Below are Hedgeye analysts' latest updates on our high-conviction stock ideas. Please note that we added two new names to Investing Ideas - Darden Restaurants (DRI) and Quiksilver (ZQK) this week.
Here are CEO Keith McCullough's refreshed levels for each stock.
Trade :: Trend :: Tail Process - These are three durations over which we analyze investment ideas and themes. Hedgeye has created a process as a way of characterizing our investment ideas and their risk profiles, to fit the investing strategies and preferences of our subscribers.
- "Trade" is a duration of 3 weeks or less
- "Trend" is a duration of 3 months or more
- "Tail" is a duration of 3 years or less
The latest comments from our Sector Heads on their high-conviction stock ideas.
CCL – Got "Polar Vortex"? In case you missed it, Niagara Falls is frozen. Extreme cold temperatures have affected approximately 200 million people in the United States.
What the heck does this have to do with Carnival you're asking?
Gaming, Lodging & Leisure analyst Todd Jordan believes the ridiculously cold weather outside ought to get everyone thinking about escaping to warmer weather. That is a very good thing for cruisers, according to Jordan, and big beneficiaries include Carnival.
Shares of Carnival are up 15% since we added it to Investing Ideas. Meanwhile, the S&P 500 is up around 2.5%.
Incidentally, "Wave Season" has just started and promotions are rolling in. Our first look into Wave pricing is on January 20. We will provide analysis as it becomes available.
DRI – Restaurant Sector Head Howard Penney added Darden Restaurants to Investing Ideas this week. Click here to read the full report.
FDX – Hedgeye Industrials Sector Head Jay Van Sciver says shares of FedEx continued to hold up well this week. For the record, shares of FDX have risen 45% since we added it to Investing Ideas, compared to a 17% return on the S&P 500.
Van Sciver notes that recent transport data from rails to trucking to airfreight suggest reasonably good industrial activity in calendar 4Q 2013. That positive momentum may help FDX into 2014.
FXB – The British Pound is holding its bullish formation, which we expect will continue to be supported by prudent monetary policy from the BOE and strengthening economic fundamentals.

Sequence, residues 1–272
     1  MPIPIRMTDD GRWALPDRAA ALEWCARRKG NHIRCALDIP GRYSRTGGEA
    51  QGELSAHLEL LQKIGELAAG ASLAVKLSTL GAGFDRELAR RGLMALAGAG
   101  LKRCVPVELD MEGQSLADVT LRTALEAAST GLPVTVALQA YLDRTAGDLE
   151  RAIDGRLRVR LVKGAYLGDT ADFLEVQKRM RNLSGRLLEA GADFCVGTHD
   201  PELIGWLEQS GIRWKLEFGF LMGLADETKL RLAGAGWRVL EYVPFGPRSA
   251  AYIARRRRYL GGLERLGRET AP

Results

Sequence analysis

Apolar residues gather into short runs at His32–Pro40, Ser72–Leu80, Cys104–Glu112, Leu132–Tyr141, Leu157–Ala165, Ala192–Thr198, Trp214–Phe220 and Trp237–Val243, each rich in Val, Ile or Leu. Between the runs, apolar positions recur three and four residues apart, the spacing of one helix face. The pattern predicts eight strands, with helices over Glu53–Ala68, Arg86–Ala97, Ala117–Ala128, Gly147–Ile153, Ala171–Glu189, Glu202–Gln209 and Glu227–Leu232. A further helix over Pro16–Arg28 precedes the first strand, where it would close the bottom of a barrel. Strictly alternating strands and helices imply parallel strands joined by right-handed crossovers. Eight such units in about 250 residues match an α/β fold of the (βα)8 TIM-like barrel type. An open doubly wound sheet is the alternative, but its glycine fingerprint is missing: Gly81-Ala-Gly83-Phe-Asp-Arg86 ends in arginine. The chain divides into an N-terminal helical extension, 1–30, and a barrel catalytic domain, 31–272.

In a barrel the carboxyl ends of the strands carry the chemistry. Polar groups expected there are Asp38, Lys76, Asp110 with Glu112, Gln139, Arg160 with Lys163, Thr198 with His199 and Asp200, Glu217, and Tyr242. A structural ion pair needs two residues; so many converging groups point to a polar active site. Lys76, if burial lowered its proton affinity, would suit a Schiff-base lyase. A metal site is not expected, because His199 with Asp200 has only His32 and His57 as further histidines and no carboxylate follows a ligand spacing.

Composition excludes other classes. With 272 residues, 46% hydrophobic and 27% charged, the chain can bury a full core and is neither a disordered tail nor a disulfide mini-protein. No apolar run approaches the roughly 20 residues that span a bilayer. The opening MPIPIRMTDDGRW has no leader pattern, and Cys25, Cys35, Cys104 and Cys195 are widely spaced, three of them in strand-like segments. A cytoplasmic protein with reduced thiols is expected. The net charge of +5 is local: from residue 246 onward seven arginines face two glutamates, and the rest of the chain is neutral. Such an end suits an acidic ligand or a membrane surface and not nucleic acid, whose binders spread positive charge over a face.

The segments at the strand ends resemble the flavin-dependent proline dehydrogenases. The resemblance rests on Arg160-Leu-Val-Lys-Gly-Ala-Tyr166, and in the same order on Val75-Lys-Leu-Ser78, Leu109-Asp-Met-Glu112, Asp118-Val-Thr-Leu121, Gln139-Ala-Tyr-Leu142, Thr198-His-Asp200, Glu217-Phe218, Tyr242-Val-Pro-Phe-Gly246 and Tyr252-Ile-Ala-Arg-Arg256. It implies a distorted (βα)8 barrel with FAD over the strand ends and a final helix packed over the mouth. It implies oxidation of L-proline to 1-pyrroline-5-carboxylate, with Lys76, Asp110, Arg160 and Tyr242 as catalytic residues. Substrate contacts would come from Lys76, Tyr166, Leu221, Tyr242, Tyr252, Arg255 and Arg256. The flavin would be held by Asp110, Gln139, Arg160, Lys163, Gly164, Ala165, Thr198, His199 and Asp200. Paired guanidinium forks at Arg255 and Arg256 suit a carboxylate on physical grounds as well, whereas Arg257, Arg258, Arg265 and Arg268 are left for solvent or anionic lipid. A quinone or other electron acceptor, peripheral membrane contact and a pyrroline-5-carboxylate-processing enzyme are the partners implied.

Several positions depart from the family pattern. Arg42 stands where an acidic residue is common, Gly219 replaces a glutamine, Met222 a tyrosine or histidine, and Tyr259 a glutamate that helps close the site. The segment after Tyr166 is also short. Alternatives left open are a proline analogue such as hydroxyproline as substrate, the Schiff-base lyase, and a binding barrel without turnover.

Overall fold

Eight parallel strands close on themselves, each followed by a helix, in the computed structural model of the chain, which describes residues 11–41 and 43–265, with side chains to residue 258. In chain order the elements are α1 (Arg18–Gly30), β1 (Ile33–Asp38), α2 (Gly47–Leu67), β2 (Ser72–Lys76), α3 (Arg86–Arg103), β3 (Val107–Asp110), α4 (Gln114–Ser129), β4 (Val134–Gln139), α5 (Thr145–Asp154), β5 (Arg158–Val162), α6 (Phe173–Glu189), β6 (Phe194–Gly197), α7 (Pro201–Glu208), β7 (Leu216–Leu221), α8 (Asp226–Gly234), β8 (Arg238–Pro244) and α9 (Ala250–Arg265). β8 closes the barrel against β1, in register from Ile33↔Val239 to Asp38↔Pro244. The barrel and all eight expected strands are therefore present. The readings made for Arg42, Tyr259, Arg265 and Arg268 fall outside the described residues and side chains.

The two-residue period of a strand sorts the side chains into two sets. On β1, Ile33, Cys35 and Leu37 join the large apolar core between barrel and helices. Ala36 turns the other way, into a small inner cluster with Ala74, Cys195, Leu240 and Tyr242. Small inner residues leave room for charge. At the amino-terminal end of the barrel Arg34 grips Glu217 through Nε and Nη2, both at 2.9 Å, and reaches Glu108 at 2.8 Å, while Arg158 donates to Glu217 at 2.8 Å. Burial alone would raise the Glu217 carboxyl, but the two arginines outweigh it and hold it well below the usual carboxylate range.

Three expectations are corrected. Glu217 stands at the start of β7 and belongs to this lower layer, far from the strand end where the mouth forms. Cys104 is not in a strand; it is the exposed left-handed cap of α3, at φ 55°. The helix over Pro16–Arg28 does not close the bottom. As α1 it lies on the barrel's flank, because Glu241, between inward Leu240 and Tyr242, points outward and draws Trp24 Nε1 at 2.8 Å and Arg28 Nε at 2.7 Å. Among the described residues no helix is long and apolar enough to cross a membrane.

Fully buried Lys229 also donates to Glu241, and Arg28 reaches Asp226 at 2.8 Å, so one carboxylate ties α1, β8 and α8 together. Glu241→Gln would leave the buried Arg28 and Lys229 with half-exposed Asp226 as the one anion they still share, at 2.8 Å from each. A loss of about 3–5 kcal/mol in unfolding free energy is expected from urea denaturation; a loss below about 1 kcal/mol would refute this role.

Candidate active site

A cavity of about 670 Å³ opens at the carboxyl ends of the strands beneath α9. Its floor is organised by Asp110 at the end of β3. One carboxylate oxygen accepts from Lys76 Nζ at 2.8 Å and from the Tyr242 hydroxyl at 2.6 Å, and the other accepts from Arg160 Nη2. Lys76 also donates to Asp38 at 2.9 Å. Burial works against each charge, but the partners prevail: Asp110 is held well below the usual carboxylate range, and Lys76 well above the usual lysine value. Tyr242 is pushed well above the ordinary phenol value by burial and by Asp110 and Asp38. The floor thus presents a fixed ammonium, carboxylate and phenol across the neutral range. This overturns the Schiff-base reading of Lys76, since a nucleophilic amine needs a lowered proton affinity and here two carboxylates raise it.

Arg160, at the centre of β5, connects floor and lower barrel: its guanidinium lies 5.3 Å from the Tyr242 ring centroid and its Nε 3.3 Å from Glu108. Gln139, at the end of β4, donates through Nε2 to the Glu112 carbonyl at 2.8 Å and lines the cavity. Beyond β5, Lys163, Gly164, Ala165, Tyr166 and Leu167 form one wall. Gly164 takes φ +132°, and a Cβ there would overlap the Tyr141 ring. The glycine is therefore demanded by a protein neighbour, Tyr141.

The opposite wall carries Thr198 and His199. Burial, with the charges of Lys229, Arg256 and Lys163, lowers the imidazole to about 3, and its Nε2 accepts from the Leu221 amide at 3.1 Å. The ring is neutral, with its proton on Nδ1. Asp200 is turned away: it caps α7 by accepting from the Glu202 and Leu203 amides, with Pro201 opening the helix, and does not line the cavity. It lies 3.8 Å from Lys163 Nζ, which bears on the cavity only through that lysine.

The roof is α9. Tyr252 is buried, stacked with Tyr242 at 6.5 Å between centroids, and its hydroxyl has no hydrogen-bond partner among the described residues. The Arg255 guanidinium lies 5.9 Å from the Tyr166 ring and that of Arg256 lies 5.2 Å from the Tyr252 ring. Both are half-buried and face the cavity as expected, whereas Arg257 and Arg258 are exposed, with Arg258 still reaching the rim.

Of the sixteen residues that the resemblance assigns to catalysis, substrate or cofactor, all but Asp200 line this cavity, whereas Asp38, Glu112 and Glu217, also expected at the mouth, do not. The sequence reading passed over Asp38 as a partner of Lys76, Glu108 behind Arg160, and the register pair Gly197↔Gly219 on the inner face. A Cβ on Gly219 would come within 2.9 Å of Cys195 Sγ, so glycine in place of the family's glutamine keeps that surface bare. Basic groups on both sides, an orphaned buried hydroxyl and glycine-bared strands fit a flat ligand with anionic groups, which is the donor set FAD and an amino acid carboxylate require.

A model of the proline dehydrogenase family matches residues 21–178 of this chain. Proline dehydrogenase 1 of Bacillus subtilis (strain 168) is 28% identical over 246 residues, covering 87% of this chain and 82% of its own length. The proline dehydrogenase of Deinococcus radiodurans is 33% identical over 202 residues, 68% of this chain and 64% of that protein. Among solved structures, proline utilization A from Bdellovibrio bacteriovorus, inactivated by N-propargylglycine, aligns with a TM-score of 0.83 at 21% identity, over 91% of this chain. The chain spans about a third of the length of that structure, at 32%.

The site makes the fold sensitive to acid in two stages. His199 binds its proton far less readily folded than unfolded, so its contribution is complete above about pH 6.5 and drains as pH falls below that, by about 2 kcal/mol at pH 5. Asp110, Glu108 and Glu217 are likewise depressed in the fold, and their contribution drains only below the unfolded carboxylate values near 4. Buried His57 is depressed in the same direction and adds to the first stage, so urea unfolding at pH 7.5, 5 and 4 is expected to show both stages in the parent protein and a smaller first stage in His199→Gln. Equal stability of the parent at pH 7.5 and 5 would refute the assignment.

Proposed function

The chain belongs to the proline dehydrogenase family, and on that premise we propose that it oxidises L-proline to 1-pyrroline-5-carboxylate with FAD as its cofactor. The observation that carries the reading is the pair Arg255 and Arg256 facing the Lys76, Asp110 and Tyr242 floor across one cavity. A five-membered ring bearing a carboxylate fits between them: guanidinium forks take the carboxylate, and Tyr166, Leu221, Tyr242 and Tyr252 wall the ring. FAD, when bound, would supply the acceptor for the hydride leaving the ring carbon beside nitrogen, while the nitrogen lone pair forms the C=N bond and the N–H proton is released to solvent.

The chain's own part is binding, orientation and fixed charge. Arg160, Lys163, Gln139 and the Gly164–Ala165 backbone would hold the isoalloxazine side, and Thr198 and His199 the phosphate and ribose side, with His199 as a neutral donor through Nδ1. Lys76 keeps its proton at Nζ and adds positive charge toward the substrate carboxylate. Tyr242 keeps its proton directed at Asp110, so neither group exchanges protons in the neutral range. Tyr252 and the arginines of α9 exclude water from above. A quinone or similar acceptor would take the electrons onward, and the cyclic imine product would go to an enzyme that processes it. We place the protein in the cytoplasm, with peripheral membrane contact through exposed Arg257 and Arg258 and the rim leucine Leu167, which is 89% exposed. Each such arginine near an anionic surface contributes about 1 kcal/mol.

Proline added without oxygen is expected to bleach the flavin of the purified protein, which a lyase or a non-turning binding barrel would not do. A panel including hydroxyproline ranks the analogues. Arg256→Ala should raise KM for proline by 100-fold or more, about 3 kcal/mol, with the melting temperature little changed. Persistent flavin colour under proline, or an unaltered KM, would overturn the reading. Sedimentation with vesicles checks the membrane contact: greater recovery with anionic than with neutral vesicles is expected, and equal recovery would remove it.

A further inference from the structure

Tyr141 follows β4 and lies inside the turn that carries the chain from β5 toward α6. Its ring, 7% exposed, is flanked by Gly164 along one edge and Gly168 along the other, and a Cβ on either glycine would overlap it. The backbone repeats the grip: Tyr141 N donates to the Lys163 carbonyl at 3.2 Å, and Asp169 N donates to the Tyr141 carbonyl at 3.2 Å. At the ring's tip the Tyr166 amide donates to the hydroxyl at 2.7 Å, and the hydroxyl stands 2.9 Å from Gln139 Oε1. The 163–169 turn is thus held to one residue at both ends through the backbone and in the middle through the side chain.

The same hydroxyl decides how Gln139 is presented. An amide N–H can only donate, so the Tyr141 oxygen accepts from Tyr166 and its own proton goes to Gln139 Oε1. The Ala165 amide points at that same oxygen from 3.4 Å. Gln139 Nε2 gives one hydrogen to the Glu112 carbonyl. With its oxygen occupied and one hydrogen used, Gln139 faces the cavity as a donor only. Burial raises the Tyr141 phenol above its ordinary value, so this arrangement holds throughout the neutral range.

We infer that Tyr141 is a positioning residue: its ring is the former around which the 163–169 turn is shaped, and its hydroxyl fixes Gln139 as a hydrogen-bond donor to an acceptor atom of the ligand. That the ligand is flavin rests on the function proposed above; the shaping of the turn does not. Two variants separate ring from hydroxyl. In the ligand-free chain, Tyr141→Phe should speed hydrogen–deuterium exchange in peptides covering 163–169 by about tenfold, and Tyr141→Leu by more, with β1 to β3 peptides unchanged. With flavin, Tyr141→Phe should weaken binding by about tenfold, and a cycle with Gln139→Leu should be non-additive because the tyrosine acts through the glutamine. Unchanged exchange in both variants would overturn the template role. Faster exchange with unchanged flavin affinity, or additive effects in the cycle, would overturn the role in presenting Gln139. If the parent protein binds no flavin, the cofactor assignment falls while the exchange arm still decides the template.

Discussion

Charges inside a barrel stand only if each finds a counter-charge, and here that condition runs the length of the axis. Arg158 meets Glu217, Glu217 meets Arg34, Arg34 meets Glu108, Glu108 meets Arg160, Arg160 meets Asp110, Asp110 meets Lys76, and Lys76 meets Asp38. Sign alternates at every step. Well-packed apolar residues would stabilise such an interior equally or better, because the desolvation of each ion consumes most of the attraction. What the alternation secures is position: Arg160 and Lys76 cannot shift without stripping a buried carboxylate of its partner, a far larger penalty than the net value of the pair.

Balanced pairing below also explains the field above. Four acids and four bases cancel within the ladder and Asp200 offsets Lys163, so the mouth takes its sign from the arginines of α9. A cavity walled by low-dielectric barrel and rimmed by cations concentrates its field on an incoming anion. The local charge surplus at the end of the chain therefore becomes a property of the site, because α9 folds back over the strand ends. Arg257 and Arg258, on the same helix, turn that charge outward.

We believe that positive UK economic data out this week and the BOE’s decision on Thursday to keep the main interest rate unchanged at 0.50% and maintain the asset purchase target will provide further support for the GBP/USD. PMI Services of 58.8 for DEC reflected another month of healthy expansionary activity. New Car Registrations were up 23.8% in DEC Y/Y (a level not reached since 2010) and signal to us that strong underlying confidence is returning to the consumer. In addition, Industrial Production was another bright spot, rising 2.5% in NOV Y/Y, and home price remain elevated and were up 7.5% in DEC Y/Y according to Halifax House Prices.
GHL – Greenhill & Company continues to be our preferred way to invest in a recovery in the mergers and acquisition market (M&A). Global M&A volume has been flat for the better part of three years with global executives hesitate to engage in excessive deal making because of the current uneven economic recovery, new emerging regulatory rulesets which remain largely undefined, and still a corporate depression mentality remaining from the Financial Crisis.
However, the second half of 2013 has started to show a glimmer of hope of improved M&A activity driven by a recovering Europe, new fundraising from the Private Equity sector in the U.S., and recovering global stock markets that although corporation more valuable equity currencies to do deals. Greenhill is a well diversified advisor with penetration in each of these segments to capitalize on both a rebound in Europe and improved reinvestment cycles from domestic Private Equity firms. In a mid cycle M&A environment, we calculate that GHL has the most earnings leverage versus the other independent M&A advisors Lazard and Evercore and hence is our favorite long idea in the group.
HCA – Healthcare sector head Tom Tobin says HCA Holdings was the dog that got wagged by the tail when Community Health Systems (CYH) preannounced a dreadful quarter, at least in terms of volume, and then went on to say they expect to do at least as well as consensus is expecting in 2014. Hospitals rallied, and HCA, at least for now, is trading above $50.